When Copay Assistance Backfires on Patients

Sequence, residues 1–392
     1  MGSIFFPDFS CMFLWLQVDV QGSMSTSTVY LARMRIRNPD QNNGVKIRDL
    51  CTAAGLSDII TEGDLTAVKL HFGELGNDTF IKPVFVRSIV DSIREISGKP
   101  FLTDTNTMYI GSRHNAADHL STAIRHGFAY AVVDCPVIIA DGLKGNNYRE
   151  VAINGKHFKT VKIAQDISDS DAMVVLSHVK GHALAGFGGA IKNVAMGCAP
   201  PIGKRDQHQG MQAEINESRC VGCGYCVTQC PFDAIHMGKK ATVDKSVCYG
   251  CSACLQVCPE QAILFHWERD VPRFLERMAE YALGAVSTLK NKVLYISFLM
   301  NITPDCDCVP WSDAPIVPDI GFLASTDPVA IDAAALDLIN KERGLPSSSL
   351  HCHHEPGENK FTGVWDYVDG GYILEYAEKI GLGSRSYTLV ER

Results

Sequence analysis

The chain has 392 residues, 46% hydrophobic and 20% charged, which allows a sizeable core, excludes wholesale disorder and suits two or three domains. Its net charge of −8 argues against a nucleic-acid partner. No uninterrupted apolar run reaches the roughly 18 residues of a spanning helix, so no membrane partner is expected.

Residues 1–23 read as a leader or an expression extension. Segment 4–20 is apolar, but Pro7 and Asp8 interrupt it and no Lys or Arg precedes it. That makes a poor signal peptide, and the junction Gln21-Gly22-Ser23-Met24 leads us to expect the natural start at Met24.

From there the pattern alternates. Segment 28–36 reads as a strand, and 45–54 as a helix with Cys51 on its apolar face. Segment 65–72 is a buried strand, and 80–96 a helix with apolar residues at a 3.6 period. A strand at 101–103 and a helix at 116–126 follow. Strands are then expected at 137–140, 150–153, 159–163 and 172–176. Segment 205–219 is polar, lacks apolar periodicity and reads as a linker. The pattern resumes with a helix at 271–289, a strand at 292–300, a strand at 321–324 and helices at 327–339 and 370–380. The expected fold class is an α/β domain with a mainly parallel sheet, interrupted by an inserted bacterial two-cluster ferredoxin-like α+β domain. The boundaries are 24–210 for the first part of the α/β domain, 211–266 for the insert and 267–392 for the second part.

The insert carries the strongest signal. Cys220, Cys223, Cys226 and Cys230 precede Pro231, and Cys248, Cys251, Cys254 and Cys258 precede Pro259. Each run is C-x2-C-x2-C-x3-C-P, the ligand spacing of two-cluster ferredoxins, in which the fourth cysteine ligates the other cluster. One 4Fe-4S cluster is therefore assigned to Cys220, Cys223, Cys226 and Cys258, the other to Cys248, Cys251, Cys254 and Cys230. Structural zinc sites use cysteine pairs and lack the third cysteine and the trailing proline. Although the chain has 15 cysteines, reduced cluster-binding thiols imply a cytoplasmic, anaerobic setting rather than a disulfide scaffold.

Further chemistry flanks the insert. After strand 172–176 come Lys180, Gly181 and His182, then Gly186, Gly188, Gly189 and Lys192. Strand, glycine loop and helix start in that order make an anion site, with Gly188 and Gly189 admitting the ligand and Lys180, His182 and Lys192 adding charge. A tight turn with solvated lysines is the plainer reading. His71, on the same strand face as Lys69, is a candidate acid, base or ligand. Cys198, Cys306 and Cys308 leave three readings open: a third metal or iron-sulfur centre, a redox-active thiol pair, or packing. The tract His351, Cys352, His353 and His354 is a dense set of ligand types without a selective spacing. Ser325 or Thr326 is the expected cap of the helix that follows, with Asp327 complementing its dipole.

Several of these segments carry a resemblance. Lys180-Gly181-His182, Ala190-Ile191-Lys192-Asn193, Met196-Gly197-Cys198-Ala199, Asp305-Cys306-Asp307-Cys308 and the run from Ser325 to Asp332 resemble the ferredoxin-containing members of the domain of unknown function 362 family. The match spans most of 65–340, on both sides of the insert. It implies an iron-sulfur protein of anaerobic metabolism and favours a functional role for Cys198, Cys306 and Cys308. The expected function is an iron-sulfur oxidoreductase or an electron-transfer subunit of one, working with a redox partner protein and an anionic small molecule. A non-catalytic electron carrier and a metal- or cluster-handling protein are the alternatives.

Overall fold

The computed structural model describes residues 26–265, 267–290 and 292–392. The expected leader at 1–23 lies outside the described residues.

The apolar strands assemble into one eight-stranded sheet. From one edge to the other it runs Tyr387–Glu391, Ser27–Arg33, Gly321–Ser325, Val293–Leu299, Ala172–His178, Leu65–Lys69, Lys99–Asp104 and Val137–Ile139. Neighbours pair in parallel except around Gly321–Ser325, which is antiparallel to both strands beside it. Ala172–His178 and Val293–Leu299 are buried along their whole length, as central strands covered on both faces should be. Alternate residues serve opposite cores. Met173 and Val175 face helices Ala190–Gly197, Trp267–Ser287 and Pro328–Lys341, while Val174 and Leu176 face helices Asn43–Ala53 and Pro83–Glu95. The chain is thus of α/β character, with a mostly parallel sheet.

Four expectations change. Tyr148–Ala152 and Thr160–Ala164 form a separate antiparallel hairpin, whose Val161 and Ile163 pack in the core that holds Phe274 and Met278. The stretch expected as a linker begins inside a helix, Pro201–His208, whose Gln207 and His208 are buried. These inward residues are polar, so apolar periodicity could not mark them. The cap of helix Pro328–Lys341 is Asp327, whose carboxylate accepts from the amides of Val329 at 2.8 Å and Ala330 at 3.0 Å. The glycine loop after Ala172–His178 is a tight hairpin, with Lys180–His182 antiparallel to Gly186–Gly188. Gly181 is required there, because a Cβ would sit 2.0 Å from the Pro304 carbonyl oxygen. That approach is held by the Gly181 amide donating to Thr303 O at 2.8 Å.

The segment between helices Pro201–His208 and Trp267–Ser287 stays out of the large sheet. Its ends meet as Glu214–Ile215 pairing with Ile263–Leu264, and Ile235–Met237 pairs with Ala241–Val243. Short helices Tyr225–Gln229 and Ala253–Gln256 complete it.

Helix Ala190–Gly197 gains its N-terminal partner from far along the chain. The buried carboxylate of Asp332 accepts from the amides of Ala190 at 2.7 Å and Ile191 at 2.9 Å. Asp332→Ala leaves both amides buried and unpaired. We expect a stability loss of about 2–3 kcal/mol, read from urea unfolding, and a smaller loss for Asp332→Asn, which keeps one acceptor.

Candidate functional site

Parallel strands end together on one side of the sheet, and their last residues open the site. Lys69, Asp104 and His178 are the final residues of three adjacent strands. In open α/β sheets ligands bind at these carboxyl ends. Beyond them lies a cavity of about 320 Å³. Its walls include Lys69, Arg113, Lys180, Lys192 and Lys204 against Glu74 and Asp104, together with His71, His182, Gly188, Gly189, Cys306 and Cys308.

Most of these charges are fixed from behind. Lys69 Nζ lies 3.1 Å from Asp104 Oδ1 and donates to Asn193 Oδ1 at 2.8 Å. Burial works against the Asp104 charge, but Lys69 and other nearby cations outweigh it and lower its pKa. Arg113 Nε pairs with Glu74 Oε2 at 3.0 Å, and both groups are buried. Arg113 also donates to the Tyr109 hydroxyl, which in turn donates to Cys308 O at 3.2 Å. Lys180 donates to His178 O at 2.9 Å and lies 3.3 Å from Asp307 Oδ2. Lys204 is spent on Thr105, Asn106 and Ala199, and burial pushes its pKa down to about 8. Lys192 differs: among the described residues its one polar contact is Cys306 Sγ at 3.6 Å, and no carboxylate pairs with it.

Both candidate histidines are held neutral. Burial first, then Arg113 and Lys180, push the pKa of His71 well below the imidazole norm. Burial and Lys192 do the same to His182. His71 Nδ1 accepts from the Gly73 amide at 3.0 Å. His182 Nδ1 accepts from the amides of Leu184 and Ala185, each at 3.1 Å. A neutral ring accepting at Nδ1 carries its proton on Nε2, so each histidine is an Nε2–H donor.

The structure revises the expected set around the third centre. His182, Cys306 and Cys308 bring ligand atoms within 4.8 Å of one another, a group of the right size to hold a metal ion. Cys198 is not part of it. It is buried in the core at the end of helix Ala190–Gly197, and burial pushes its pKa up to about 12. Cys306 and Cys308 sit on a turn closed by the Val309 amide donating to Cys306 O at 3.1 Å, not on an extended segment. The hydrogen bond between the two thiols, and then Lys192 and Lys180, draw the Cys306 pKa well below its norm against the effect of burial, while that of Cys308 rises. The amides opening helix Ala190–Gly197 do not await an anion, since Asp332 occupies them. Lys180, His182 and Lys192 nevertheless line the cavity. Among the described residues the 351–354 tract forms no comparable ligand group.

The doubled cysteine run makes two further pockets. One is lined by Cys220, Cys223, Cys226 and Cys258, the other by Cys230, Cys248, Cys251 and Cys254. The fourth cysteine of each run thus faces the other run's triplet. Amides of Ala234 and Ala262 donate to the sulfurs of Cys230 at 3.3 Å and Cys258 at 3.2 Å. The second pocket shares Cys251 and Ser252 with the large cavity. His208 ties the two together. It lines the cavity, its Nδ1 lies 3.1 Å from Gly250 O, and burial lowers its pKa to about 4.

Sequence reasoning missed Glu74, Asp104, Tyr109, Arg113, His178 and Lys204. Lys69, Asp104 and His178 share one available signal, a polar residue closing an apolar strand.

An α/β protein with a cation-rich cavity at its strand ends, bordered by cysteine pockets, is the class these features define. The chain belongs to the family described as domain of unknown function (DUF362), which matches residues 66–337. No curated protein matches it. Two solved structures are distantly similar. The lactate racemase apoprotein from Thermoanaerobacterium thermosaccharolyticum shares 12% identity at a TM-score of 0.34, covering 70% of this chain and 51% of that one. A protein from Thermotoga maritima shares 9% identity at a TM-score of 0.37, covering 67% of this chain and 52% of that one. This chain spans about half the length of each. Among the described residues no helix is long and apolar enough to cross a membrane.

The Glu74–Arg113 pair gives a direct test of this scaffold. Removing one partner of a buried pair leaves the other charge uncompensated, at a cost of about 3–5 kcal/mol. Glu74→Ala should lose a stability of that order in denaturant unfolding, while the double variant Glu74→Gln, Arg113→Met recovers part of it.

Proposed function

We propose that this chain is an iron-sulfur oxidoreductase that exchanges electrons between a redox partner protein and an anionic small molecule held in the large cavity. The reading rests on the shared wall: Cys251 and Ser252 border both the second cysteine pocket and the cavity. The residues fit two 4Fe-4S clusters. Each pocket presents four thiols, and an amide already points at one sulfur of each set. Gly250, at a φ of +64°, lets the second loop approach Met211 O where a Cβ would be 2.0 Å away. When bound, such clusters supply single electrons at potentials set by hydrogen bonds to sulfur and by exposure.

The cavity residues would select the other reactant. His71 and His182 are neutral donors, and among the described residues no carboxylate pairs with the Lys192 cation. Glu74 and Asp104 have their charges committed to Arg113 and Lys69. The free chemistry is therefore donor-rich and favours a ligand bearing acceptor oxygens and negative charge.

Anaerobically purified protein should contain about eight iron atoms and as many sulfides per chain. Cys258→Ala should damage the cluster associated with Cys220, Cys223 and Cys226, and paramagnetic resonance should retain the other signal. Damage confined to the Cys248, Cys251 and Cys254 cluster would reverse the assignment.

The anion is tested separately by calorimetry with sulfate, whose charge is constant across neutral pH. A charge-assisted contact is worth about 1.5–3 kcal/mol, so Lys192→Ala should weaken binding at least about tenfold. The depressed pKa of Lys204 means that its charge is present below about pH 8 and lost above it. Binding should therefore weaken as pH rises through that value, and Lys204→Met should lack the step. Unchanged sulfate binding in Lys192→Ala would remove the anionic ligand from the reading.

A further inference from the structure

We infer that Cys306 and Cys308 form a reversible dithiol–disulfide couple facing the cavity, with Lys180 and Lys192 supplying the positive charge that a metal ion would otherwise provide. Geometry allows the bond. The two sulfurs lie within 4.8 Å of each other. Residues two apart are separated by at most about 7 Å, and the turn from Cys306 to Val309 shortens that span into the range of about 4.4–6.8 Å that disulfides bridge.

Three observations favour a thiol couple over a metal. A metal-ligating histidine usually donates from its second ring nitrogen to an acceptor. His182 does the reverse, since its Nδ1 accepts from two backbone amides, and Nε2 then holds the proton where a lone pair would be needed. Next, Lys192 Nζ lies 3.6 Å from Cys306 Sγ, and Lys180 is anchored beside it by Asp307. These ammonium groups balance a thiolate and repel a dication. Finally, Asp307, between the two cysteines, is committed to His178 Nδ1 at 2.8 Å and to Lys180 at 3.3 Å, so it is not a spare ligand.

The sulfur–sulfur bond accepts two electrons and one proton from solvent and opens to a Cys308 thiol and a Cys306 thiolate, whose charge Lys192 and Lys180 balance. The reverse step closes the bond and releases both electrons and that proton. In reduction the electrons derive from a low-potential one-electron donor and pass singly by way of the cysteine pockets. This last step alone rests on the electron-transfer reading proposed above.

In early 2019, Jennifer Hepworth and her husband were surprised by a bill of $3,500 for their daughter’s cystic fibrosis medication, which had previously cost $30. This increase was due to a change in their health insurance plan that no longer counted copay assistance towards their deductible. This practice, known as copay accumulator programs, allows insurers to save money by capturing funds from drugmakers instead of patients. Patient advocacy groups are against these programs, citing the financial burden they place on patients. Legislation has been proposed to require copay assistance to count towards deductibles. Insurers argue that these programs help keep premiums affordable.

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